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Q50 hybrid is Infiniti’s eco-bahn stormer


WHEN the Infiniti Q50 was dropped off outside Autodealer’s HQs, I was excited. You see, this was my first taste of Nissan’s luxury wing since it entered South Africa, a couple of years ago.

I wanted to see why the public at large was so unaware of the brand. You hardly see any Infinitis on the road, and after driving one for a week I have to ask, why? It’s very good – indeed!

I started my mini-research assignment with random traffic light, shopping centre and sidewalk enquiries whereby I would ask random citizens what they thought of the vehicle. The general consensus was that it is a handsome vehicle but some did ask whether it was a Chinese product. When asked why, many thought that its badge resembled that of the Chery. Others said it looked German but the vast majority said they had no idea.

I assured them that this was Nissan’s rather impressive answer to Lexus. Many were impressed and even asked if they could have a look inside. Herein lies the problem with the brand in SA… in my opinion. They are producing beautiful cars to look at and to drive, but the public is unaware of them.

My test unit was the performance hybrid Q50 which has a 3.5-litre V6 engine, similar to that fitted to the Nissan 370Z, with an electric powertrain supplementing power and torque for a combined output of 261kW/536Nm. The hybrid powertrain makes this a very fast car with a 0-100km/h time of 5.1 seconds. It’s the instantaneous torque that impresses most, though, as there is a degree of snap-on power in the Q50 that makes pressing the loud pedal quite intoxicating.

There’s a sports suspension, better brakes with regenerative braking and even a steer-by-wire steering system as standard. There may be more than enough grunt, but I felt disconnected from the driving experience when pushing the car along. It does much better as a fast grand tourer as it’s very comfortable and even quite frugal on the open road as I was able to get consumption as low as 7.8-litres/100km on a round trip.

It also works well as an everyday car hustling through the traffic-laden streets of Johannesburg, with an all-electric coasting function where the car shuts down the petrol engine, meaning zero fuel consumption when sitting in traffic. I managed to use the all-electric mode, right up until 40km/h.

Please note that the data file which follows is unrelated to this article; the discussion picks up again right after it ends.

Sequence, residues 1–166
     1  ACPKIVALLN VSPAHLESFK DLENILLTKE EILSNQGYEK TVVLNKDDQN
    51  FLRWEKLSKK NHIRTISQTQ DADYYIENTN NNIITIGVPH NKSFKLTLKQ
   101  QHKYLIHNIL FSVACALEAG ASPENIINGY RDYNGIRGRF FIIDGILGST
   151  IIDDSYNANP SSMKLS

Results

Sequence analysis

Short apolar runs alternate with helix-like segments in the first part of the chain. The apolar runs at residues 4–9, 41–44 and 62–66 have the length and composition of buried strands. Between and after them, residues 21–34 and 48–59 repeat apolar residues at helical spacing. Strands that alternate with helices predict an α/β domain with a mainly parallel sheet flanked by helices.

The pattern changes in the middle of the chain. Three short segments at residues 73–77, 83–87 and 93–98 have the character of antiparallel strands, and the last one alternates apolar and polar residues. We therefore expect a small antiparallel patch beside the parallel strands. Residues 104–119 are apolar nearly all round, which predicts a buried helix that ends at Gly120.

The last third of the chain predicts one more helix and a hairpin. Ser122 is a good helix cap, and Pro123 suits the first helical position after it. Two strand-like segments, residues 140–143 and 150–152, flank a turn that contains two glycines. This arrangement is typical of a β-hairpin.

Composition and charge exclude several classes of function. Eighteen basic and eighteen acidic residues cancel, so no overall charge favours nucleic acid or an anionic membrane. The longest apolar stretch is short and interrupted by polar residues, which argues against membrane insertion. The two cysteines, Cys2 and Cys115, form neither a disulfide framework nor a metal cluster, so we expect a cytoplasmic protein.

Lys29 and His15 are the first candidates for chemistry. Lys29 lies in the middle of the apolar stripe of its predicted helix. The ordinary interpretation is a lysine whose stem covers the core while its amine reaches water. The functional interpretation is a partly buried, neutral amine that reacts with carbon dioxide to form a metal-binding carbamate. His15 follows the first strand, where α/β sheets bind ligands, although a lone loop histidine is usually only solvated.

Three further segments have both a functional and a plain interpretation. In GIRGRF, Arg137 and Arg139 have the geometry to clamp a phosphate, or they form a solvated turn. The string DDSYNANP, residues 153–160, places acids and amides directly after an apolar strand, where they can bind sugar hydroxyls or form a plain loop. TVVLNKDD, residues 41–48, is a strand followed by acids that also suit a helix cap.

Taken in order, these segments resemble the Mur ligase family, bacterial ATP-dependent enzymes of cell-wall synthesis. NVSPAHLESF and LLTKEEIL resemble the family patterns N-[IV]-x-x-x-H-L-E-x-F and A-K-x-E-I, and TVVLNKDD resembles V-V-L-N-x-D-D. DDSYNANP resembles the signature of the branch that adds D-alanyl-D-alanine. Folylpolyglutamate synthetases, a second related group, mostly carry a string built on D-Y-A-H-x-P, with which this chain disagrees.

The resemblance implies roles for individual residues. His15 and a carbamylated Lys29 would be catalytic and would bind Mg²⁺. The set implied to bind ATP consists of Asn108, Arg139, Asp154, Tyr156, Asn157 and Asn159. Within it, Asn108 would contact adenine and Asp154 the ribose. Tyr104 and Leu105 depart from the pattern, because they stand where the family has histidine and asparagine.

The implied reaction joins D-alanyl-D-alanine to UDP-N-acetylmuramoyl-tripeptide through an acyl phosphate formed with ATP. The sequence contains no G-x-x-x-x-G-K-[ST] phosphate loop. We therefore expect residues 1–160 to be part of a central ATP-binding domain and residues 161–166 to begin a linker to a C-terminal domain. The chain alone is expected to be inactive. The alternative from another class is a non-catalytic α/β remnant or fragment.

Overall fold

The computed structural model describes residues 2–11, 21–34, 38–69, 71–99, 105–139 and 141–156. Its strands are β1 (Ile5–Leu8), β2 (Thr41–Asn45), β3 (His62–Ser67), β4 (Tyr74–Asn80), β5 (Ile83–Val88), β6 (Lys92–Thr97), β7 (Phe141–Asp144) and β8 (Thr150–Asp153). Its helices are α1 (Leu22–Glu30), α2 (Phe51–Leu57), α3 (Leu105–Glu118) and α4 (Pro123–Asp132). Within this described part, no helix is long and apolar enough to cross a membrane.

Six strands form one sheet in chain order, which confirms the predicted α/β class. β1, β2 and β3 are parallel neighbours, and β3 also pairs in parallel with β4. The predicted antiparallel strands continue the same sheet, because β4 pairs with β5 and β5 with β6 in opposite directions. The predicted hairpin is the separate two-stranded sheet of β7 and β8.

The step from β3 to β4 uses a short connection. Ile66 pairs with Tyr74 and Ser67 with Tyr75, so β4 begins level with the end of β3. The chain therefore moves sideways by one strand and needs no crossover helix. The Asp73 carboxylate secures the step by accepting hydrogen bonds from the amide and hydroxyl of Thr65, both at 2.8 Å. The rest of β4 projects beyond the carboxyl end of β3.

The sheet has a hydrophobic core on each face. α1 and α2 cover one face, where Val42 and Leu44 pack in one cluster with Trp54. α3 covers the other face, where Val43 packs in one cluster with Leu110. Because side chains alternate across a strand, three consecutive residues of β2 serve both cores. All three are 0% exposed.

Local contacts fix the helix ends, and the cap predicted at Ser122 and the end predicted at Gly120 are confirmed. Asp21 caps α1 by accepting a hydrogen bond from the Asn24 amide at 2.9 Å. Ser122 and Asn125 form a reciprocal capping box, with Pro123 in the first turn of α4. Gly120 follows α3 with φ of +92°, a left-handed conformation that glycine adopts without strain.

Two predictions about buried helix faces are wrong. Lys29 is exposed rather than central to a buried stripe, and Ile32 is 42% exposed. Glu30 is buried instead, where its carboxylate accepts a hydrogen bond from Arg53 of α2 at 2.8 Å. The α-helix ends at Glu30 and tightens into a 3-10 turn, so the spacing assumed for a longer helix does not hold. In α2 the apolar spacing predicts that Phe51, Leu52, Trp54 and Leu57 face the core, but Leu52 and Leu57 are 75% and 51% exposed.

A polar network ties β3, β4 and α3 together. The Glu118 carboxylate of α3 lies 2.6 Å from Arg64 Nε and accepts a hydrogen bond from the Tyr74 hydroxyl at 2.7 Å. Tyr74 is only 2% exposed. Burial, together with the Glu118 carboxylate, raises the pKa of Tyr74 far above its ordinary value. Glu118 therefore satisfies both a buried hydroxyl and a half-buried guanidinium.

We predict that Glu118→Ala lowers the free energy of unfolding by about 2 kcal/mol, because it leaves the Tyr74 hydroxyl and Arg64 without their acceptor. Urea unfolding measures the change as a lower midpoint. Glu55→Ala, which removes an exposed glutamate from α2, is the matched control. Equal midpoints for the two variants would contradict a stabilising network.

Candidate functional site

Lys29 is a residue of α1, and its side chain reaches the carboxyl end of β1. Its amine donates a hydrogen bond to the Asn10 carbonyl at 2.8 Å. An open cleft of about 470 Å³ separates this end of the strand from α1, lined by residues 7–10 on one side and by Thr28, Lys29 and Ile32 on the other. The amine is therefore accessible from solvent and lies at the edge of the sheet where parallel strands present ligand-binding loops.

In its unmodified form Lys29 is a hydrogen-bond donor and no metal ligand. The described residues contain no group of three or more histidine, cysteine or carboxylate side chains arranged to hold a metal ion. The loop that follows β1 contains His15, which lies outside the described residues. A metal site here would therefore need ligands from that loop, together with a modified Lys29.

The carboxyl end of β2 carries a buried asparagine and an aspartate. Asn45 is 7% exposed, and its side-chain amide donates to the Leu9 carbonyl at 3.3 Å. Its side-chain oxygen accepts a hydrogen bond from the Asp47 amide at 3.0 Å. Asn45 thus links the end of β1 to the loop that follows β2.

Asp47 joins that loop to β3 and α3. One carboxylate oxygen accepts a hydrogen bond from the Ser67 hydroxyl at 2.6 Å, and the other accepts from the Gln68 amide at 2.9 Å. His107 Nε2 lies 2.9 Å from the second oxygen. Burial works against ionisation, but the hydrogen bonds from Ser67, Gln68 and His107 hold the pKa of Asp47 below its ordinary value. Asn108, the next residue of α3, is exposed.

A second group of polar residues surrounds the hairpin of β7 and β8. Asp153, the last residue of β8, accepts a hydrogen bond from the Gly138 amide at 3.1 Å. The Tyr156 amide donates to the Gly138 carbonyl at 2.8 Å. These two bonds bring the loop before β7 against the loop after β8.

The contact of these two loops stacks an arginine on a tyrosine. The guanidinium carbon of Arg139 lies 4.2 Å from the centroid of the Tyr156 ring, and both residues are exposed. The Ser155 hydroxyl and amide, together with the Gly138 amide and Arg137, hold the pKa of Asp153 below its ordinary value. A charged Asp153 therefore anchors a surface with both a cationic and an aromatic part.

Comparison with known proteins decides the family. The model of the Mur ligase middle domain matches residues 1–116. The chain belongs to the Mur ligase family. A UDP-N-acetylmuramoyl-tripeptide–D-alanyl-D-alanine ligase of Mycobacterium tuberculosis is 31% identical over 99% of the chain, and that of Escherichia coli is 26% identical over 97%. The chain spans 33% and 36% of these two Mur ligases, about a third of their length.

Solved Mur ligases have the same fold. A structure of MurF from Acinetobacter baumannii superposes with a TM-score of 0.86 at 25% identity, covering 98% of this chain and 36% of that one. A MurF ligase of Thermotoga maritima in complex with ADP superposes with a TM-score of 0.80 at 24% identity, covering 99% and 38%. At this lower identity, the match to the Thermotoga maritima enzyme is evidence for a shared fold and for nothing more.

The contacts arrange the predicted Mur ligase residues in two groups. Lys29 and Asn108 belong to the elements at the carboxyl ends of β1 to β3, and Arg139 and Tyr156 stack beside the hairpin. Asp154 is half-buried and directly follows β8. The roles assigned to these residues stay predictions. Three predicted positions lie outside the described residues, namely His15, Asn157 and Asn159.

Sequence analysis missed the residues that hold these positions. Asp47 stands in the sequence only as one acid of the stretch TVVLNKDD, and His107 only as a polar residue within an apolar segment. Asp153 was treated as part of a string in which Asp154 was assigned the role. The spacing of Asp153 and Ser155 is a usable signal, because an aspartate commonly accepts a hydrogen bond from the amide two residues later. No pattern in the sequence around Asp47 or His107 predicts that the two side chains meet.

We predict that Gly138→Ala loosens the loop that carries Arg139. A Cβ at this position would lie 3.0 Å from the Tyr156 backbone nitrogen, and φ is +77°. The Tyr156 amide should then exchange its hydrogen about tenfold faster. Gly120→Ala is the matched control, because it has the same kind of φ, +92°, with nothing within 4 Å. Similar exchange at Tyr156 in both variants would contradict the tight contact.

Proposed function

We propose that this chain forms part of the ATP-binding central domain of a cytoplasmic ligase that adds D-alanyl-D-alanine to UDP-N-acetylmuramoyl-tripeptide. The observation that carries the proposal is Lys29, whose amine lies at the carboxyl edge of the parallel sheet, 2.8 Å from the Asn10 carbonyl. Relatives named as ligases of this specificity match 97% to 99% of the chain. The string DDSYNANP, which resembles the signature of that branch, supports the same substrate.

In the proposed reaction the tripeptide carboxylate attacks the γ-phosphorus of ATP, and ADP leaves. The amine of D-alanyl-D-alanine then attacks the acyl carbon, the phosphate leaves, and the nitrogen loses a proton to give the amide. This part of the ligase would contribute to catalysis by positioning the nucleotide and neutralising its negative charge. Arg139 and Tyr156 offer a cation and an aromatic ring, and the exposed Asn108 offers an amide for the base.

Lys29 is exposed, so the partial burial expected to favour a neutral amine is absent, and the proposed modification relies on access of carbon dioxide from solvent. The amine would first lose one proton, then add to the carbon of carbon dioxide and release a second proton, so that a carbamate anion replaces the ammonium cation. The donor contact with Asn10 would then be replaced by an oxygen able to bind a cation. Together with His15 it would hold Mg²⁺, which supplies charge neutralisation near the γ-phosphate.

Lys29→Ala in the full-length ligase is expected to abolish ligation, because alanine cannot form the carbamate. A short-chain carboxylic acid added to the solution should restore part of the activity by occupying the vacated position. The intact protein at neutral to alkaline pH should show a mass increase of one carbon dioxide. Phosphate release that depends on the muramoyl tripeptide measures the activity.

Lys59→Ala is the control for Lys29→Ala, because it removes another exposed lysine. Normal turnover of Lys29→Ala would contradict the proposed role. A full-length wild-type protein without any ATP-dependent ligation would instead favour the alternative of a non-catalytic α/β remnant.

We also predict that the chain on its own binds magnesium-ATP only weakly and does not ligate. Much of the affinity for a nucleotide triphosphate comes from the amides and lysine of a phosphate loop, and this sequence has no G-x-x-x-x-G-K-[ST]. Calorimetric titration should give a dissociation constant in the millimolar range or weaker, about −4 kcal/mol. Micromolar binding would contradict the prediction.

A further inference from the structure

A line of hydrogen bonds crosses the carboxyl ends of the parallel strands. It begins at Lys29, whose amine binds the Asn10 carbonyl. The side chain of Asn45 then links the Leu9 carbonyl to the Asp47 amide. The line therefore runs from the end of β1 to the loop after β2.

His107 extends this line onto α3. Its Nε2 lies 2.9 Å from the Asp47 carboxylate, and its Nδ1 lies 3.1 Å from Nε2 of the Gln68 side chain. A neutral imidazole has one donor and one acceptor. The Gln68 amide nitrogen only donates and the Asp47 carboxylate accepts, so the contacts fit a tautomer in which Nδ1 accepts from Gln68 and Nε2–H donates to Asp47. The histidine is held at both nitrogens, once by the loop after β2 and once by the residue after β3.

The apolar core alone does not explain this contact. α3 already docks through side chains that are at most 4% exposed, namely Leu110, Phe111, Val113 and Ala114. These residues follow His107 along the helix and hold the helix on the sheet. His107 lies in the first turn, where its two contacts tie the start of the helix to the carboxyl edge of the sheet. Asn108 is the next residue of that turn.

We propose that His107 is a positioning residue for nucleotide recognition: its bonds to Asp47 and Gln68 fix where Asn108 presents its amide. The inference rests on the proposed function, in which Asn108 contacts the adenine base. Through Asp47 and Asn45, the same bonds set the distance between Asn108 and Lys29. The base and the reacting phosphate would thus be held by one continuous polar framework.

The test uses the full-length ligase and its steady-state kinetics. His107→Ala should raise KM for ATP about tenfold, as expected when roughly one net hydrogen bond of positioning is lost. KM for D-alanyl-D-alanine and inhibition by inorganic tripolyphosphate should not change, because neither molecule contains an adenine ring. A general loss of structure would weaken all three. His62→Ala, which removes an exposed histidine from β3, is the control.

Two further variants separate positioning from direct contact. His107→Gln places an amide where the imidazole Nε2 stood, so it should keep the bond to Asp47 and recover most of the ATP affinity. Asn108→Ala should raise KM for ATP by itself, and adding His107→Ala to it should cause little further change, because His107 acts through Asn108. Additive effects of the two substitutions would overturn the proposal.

The interior of a premium product is important and the Q50 doesn’t disappoint with solid build quality, high-quality materials and a modern facia. There are two LCD screens in the centre console which are slightly confusing at first. Infiniti call it the ‘InTouch’ system. It feels a bit like having two smartphones at the same time however, it does actually come in handy as it allows you to view two of the infotainment functions such as the Bluetooth, USB/iPod, radio or navigation simultaneously.

You also get features such as climate control, cruise control, speed limiter, stop/start, hill start assist, rear- view camera, rain sensing wipers, keyless entry, VDC, tyre pressure warning and brake assist. There are several packages available but the most useful is the Safety Shield Pack fitted to my test unit, which includes radar-guided cruise control, lane departure warning, blind spot indicator, emergency braking and collision warning, both front and rear.

The one problem with the hybrid model is that the boot has been made smaller to accommodate the electric powertrain. This means the hybrid is missing a fairly vital piece of practicality required of an executive saloon.

In summation, the new Q50 is a very impressive vehicle with the latest in hybrid technology. The problem is that in terms of handling and practicality, the vehicle it is out-gunned by its German competition. On the other hand it goes, sounds and looks the part, which makes it very temping for the prospective executive saloon buyer out there.

The Q50 is covered by a three-year/100 000km warranty as well as a five-year/100 000km maintenance plan

Model: Infiniti Q50 hybrid RWD

Power  261kW/536Nm
Pricing R559 000
We Like Performance combined with efficiency
  Ride and comfort
We dislike Small boot


Article written by Sean Nurse
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